Comment on the role of data in a society driven by narrative.
A recent post at Tom Adams Energy gave an Ontariocentric call for data reporting in a Canadian jurisdiction along the lines of the the United States' Energy Information Administration (EIA). Mr. Adams may have been unaware that Dr. Michal C. Moore of the The School of Public Policy at the University of Calgary authored a paper earlier this year with an overview of a national structure that might fill the role of the national EIA structure in the US. Dr. Moore's paper saw a central data organization, namely Statistics Canada, collecting the data that would be manipulated/interpretted by an independent organization.
The issue I have with the paper is it assumed Statistics Canada excelled at collecting data. That may be true, but I found reason to be skeptical.. The uproar over the change to the long-form census, which somehow entered the mainstream, reflected, in my opinion, the often conflicting goals of maintaining the same processes, and standards, in data collection to ensure data integrity between census years, and the desire to collect the best data possible - which is now frequently in databases throughout the government to be collected through the data mining of critical systems, and not intermittent surveying outside of those systems. As an example, most federal funding for provincial programming is not based on census figures, but the ongoing population estimates (and census counts are adjusted based on the population estimates).
Recently Statistics Canada made freely available its CANSIM databases. My experience with that data increased my opinion that Statistics Canada is less about data and more about interpreting data - that may not be a bad thing, but it is certainly a bad thing in terms of the thesis that Statistics Canada would provide the data and expert bodies at some new multi-governmental agency, the University of Calgary, or Tom Adams Energy, would provide the context.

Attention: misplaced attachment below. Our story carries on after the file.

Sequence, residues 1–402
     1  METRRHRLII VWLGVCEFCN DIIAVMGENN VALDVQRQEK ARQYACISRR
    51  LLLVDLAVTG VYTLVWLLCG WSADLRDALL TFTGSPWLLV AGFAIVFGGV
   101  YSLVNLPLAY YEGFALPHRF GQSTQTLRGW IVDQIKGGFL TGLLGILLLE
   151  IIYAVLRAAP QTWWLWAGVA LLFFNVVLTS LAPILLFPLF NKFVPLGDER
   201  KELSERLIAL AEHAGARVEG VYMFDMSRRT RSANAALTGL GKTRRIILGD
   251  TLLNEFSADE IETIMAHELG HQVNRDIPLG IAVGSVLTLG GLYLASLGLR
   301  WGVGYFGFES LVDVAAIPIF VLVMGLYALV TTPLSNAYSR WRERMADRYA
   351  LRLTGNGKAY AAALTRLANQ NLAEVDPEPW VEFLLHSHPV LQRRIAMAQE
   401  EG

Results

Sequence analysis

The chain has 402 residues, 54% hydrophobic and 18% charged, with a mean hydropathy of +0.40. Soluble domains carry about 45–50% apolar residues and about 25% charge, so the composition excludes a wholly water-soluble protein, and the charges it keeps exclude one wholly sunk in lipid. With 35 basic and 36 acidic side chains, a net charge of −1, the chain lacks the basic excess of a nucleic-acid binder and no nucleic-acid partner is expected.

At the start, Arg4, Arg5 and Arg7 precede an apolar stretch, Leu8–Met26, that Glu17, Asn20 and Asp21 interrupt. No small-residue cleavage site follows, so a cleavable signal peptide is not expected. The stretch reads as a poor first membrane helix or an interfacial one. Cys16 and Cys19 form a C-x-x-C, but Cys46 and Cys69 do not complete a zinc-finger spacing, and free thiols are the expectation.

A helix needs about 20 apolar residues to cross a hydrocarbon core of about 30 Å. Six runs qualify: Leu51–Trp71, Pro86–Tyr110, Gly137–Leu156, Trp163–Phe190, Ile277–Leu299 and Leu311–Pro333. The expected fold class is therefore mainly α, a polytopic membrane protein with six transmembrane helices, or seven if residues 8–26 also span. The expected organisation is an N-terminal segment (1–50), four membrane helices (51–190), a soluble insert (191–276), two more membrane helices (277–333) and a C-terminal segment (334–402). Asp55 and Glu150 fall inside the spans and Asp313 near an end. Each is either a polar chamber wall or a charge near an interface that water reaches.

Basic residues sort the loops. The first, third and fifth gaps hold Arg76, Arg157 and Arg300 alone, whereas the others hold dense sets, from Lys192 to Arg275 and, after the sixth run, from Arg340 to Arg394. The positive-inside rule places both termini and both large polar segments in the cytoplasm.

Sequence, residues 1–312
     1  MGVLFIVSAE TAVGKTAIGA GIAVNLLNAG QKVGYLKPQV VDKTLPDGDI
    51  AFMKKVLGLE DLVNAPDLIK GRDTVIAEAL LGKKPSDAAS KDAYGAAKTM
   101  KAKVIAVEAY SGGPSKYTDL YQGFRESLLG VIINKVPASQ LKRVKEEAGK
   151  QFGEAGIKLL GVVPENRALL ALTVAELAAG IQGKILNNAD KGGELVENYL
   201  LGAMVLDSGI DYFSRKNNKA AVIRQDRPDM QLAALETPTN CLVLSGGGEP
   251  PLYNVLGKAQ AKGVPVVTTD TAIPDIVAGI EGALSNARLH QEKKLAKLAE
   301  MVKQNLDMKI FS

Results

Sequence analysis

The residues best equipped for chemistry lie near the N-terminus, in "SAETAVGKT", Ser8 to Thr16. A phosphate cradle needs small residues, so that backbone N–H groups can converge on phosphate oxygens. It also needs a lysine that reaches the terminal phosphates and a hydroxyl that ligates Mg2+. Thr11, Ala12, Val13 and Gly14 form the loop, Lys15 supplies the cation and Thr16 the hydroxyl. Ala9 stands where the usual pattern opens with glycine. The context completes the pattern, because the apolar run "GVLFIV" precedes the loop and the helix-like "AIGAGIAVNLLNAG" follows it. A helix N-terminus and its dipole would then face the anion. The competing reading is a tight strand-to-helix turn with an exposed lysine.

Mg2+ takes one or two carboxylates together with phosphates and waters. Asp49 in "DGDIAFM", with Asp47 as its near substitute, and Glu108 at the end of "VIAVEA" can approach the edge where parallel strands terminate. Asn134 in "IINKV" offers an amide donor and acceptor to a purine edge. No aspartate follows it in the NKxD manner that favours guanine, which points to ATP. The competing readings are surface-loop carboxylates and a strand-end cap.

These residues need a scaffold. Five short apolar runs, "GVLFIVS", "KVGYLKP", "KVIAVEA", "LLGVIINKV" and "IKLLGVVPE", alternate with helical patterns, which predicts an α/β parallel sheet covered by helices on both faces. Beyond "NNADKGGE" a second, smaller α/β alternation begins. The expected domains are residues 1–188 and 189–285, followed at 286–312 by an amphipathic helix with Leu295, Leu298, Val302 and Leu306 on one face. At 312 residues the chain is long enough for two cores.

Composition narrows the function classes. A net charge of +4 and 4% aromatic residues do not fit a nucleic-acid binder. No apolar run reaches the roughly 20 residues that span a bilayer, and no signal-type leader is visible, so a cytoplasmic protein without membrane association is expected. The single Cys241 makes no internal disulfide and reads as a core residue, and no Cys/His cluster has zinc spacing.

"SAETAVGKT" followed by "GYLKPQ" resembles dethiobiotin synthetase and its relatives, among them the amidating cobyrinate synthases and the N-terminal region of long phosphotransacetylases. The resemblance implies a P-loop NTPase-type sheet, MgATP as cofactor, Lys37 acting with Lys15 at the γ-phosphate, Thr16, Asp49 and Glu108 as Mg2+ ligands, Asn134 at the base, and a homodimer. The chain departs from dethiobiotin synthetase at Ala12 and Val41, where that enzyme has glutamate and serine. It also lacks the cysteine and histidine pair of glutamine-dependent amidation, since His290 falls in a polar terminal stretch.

One example Mr. Adams provided of "black holes in the official information currently available" is "average commercial rates in any year." CANSIM Table 329-0050 provides that type of data; it is decreased in value as it is presented not in a monetary value per unit ($/MWh), or even a monetary value rationalized to a base year (ie. all figures adjusted to 2005 dollars), but the data is presented in terms of the percentage of 1997 price, with the series starting in 1981 but terminating in 2011). This makes the data limited for comparing between jurisdictions. Nonetheless, data is never perfect, so one works with what is available unless they want to experience the drudgery of data collection.
The data is still of utility in comparing the trend in non-residential electricity pricing to other trends, such as the ability of the provincial government to balance it's books. On the topic, another article that caught my attention today, as it was flagged by Ontario Green Party Leader Mike Schreiner was "Diagnosing Ontario’s Christmas Pony Syndrome." I have a very different opinion on the debt from the old Ontario Hydro days than the writer of that piece, but this paragraph inspired me:
Ontario was still addicted to this fiscal confection when Mike Harris added another thick layer of alluring icing in 1995. He ran for premier on a public promise to freeze power rates for his entire term – without first daring to look at Hydro’s books. He won huge, and kept his word. Four years later our provincial utility effectively became bankrupt under the weight of $38 billion in publicly-owed debt.Graphing the CANSIM Table 329-0050 data along with the annual budget deficits in Ontario, it doesn't appear freezing rates had any detrimental impact on the finances of the government (it also shows the price freeze occurred prior to 1995's election).